With all the ruckus about Barack Obama's cozying up to Donnie McClurkin, the gospel singer notoriously ignorant about the possibility of curing homosexuality, you'd think that none of the Democratic candidates have been pandering to the homophobic vote from the day they started running. More precisely, they have all been walking that tight-rope they hate so much between throwing a bone to the gays (and the LBTs) while not scaring off ostensibly straight voters.
In this game, all candidates have been associated with homophobes. For instance, Hillary Clinton recently trumpeted her friendship with Harold Mayberry, of the First African Methodist Church in Oakland; her press release on the meeting/endorsement left out the fact that Mayberry believes homosexuality to be comparable to thievery.
This campaigning compartmentalization has lead to the absurdity of Democrats rediscovering the value of states' rights, after the brief 1960s folly of empowering the federal government to have a say in the minor matter of local civil rights; segregationist Democratic party greats such as George Wallace would feel vindicated. The irony is thick: Democrats can't get enough of the federal government regulating every aspect of our lives, except on the one issue of same-sex marriage.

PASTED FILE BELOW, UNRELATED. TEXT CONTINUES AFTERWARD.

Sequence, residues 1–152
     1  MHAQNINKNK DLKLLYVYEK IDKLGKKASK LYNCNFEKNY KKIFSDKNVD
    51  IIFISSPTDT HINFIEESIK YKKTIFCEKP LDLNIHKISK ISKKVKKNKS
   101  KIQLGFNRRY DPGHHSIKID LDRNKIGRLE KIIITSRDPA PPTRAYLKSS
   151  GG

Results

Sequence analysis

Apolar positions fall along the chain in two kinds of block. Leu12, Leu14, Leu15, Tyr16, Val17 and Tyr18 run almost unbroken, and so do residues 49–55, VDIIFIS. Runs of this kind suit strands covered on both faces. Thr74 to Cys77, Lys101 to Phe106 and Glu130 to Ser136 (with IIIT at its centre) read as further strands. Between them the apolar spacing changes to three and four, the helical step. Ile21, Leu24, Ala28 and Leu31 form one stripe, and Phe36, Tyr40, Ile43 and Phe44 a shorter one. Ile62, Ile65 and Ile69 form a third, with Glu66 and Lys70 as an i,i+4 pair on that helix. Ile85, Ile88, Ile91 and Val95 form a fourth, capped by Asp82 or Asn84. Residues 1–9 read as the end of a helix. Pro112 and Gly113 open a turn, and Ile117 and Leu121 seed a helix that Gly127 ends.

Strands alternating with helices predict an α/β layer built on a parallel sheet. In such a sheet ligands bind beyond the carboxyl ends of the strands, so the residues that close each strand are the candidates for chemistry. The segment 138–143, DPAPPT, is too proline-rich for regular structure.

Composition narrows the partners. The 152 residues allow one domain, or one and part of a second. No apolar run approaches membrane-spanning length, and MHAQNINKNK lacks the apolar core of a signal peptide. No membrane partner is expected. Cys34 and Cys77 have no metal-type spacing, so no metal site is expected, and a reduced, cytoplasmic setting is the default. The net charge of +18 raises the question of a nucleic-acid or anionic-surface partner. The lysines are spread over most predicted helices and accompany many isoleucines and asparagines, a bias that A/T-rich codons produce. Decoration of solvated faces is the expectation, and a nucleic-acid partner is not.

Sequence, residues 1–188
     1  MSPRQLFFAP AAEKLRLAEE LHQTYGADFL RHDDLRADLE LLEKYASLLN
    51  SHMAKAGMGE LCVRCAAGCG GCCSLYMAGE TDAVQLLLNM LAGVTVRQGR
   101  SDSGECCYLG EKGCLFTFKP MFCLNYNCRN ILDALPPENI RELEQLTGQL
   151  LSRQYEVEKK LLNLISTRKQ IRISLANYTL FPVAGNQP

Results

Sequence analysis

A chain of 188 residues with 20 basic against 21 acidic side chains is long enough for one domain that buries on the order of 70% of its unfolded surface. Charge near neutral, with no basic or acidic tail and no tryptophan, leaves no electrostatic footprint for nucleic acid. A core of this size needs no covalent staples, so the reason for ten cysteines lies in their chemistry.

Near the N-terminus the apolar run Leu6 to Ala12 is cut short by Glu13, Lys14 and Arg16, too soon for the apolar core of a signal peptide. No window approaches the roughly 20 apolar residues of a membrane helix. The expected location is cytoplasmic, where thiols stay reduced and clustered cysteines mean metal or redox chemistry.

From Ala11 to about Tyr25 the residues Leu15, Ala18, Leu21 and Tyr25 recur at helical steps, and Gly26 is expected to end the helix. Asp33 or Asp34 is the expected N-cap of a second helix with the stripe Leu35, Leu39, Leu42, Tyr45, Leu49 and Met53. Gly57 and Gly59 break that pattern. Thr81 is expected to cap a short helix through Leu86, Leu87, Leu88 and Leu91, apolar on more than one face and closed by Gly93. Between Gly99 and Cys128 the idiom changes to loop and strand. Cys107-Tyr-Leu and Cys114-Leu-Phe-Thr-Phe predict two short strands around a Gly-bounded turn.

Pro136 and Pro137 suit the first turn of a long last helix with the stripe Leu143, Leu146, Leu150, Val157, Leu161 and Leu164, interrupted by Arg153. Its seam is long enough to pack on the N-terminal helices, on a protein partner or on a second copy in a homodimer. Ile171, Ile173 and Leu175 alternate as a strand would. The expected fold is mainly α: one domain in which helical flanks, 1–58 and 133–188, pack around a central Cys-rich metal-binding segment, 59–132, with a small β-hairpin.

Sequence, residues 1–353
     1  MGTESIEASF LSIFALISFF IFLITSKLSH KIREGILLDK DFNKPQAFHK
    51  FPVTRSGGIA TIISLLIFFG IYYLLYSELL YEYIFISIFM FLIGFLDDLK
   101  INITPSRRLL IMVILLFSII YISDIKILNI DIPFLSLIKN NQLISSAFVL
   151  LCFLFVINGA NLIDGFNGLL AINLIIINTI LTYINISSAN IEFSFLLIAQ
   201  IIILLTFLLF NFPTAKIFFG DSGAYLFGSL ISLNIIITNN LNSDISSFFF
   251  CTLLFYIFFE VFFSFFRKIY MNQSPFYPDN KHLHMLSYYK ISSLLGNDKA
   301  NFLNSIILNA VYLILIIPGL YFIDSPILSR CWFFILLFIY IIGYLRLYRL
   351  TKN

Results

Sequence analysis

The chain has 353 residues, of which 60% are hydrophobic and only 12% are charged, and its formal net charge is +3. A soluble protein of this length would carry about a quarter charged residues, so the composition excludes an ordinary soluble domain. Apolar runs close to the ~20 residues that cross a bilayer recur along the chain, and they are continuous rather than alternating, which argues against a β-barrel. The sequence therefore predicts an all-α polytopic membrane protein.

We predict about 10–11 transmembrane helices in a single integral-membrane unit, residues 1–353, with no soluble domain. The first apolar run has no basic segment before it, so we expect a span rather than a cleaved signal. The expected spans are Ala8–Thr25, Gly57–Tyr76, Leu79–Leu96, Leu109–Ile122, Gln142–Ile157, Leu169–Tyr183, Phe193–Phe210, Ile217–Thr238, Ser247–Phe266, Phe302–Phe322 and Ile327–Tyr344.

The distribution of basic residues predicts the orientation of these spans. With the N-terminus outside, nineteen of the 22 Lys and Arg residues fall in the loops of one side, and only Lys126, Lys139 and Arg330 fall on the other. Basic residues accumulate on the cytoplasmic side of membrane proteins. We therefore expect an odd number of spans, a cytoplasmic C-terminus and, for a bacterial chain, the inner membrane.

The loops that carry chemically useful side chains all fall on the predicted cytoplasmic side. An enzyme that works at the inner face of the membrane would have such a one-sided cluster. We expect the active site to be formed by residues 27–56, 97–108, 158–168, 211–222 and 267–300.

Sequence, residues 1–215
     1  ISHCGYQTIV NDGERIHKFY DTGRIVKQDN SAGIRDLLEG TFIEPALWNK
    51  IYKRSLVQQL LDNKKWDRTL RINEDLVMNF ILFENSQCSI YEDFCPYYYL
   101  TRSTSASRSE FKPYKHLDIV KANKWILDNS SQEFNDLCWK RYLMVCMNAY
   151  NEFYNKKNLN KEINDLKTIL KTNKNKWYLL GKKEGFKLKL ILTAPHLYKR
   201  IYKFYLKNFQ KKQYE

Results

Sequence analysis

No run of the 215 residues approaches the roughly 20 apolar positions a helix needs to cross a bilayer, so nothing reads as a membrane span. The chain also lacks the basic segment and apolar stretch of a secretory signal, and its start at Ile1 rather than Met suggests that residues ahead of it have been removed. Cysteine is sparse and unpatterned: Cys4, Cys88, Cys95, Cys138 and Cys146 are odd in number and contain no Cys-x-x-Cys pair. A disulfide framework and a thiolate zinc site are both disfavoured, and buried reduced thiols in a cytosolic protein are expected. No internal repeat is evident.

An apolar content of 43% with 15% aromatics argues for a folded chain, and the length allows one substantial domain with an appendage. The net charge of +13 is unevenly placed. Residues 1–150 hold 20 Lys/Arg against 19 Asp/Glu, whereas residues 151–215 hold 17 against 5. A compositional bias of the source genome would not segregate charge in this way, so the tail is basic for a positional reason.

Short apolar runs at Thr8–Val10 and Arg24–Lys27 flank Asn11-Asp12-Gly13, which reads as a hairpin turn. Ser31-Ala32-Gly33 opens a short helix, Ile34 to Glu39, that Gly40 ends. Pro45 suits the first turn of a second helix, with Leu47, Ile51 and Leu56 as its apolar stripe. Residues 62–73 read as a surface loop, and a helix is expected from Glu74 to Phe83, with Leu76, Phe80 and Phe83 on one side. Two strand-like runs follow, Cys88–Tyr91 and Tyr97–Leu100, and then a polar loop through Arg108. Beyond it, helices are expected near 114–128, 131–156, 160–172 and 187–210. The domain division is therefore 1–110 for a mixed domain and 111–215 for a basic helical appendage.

More bluntly, the leading Democratic candidates' stance on same-sex marriage is in itself homophobic, although I don't completely blame Clinton, Obama or John Edwards (actually, him I do blame for being a coward and trying to have it both ways by hiding behind both his faith and his wife). They are making a political calculation, and it is their right to do so; it is for the rest of us to show that calculation to be increasingly flawed.
His association with a fool like McClurkin notwithstanding, Obama easily remains the most convincing on the issue of gay rights. He is by far the most comfortably eloquent on the subject, and he is right when he says that he is the only candidate who has brought the fight to some of its toughest frontiers. Clinton, Ms. DOMA, is fine in front of a Human Rights Campaign audience, but, as with everything else, overly cautious elsewhere. As for Edwards, his stated "struggle" on the issue of gay marriage is not exactly inspiring, especially coming from Mr. Slick on every other topic. And, of course, we love Dennis Kucinich, but we are not going there.